# Another one of those TensorFlow install Guide

## Intro

I think there is something so interesting about how difficult it is to install TensorFlow, while there is an impressive amount of effort being done to make it work, and make it easier. This guide is not a comprehensive guide, but simply is made by myself out of pure interest. I try to point out some philosophical things in this guide too, which is meant partly as a criticism of design decisions, common sources of errors.

## The compatibility problem

This is outright what causes the problem in most installations. Because you don’t know what are the possible routes, you often go down a difficult route (build from source, works with downgraded versions) or even worse, an impossible route.

It really pays off trying to investigate whether your installation route will work painlessly with some compatibility charts.

• This StackOverflow question offers one lovely chart, parts of it can also be found on TF site
• The most limiting part in your TensorFlow installation will be actually your Cuda compute capability and the supperted driver version of your video card. That is effectively the only part which can be pushed with just investing more money. Here is the compatibility table

## Layout of the installation

graph LR
OS-->GPU
GPU-->C
C-->Python
Python-->CUDA
CUDA-->cuDNN
cuDNN-->Tensorflow


Thus, I would advise the following. Determine the CUDA compute capability version and work from backwards.

The key to a good TensorFlow installation is also rigour and testing. Every step if your installation can be tested.

• The compiler can be tested usually with gcc --version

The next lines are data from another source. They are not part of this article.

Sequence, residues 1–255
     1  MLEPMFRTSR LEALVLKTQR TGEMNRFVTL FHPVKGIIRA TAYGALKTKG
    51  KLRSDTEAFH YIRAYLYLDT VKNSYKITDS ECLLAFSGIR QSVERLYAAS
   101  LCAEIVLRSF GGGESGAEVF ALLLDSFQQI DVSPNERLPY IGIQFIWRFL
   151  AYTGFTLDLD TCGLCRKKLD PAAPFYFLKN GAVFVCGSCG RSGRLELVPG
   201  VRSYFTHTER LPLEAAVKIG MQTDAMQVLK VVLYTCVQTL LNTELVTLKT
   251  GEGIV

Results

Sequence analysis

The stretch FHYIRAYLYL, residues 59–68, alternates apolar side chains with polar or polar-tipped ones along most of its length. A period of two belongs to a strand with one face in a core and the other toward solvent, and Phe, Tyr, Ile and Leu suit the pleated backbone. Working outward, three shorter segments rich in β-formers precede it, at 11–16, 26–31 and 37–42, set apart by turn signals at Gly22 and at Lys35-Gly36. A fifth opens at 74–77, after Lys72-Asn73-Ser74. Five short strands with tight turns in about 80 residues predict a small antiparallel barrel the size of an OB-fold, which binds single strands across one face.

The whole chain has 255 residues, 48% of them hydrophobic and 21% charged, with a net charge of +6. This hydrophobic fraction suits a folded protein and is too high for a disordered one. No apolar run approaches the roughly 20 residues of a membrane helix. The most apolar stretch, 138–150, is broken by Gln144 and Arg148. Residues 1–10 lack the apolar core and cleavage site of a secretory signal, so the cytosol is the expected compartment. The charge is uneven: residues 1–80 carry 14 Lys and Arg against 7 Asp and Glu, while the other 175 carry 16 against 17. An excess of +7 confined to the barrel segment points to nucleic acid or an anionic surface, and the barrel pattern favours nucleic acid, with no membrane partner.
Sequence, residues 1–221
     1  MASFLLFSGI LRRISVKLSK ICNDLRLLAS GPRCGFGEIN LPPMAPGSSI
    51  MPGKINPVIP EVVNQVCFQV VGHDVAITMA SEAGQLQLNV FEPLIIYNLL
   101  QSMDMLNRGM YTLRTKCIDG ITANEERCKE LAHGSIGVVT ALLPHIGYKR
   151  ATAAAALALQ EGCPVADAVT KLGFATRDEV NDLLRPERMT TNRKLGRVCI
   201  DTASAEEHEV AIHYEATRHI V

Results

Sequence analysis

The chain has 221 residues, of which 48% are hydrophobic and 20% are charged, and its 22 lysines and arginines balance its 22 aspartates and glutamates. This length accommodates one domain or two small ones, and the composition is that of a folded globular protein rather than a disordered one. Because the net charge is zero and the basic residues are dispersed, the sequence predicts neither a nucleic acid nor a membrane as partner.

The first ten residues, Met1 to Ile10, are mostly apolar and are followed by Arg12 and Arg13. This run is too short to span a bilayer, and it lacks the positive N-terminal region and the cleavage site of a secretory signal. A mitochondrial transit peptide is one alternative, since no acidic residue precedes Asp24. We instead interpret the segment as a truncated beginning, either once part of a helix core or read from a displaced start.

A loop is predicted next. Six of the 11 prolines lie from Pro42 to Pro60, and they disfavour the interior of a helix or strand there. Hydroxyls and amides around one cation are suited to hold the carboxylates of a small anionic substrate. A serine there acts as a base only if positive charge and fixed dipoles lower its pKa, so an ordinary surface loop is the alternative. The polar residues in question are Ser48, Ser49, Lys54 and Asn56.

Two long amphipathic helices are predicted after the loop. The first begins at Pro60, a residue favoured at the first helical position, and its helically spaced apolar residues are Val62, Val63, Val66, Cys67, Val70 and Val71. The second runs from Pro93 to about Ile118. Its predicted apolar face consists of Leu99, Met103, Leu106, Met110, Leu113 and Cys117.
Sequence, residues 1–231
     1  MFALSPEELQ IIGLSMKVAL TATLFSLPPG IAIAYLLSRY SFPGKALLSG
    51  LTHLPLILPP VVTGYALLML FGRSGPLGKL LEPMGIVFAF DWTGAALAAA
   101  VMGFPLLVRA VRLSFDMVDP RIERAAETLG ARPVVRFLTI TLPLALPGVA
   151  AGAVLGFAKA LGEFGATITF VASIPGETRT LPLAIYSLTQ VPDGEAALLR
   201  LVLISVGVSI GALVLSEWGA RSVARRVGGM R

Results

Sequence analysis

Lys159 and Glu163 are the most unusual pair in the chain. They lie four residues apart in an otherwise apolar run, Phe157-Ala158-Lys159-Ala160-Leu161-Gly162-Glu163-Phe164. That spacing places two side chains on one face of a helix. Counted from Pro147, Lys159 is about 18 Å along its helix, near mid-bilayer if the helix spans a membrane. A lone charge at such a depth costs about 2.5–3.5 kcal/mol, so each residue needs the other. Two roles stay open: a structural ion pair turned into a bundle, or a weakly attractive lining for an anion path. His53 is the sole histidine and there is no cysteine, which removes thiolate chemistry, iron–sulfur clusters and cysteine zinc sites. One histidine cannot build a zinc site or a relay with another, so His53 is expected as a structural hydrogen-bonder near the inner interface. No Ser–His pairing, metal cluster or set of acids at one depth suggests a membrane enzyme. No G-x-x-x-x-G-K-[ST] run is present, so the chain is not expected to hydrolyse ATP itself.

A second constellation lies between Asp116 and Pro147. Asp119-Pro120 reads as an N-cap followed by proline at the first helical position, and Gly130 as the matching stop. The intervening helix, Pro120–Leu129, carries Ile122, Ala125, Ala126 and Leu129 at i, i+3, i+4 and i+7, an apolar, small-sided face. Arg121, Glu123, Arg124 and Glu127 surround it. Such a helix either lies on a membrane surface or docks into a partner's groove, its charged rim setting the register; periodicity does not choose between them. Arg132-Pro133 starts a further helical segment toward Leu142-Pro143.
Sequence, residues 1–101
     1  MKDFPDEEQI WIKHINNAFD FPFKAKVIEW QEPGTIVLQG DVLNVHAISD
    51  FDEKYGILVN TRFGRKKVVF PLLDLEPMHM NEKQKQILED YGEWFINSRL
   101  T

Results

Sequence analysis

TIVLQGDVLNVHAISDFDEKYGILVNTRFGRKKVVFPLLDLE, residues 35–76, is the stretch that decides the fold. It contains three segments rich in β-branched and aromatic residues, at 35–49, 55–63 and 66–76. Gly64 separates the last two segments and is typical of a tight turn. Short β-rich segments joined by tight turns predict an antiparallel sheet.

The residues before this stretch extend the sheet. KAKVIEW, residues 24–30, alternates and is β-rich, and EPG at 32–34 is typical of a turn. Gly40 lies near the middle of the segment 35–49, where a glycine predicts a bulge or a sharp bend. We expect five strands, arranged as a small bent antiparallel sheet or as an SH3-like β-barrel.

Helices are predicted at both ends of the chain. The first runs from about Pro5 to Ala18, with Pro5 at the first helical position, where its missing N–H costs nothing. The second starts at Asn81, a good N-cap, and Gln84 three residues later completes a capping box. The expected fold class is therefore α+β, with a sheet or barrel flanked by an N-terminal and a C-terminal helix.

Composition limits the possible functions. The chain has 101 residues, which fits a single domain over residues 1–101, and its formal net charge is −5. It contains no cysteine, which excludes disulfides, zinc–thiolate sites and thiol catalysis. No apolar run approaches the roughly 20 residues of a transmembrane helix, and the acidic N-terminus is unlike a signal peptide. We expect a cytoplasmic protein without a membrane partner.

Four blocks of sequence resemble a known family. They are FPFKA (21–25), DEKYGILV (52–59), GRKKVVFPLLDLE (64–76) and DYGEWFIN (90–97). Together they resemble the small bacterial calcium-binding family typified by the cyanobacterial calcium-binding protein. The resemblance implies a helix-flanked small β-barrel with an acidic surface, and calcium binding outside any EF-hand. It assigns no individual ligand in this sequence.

• nvcc can be tested with nvcc --version and building the deviceQuery file
• Python can be tested with python --version
• TensorFlow is the most difficult test, because even if the GPU is detected, it might just randomly fail at all sorts of places.

In terms of the operating system, Ubuntu will be better supported, but the CUDA part of the installation on Windows is a significantly less bumpy journey in my experience.

## OS

TensorFlow according to my knowledge only works on 64-bit architectures. So if you have 32-bit install, you should toss it immediately, you don’t want to realise that you have spent six hours installing something that is useless.

This is a commonly ommitted step from some installation guides, but it is actually quite helpful. Check the headers on Ubuntu using,

uname -r



If they are not installed, just do the following:

sudo apt-get install linux-headers-\$(uname -r)



## NVIDIA-drivers

There are various methods to install the NVIDIA driver required. I would say that there was no two time the same method worked for me.

2020-03-31: The NVIDIA CUDA official install method with the run file didn’t work, what worked is the following:

ubuntu-drivers devices


Then I can get the right apt get version

sudo apt install nvidia-drivers-440


the relevant PPA might need to be added, but I’m not entirely sure about that.

The official Nvidia drivers are at https://www.geforce.com/drivers

## Compilers

The standard compiler for Linux distributions will be gcc, for Windows you typically never want to install only a compiler, rather you want to get the Visual C++ Studio Build tools.

It is important in my experience to get the 2017 version. For example, when you build from source, Bazel will use your compiler, and it might throw you errors if you are not using the right versions.

## cuDNN and CUDA failing on Linux

Because you don’t know usually what CUDA or cuDNN version you are supposed to use most of the time, you often get the following error message: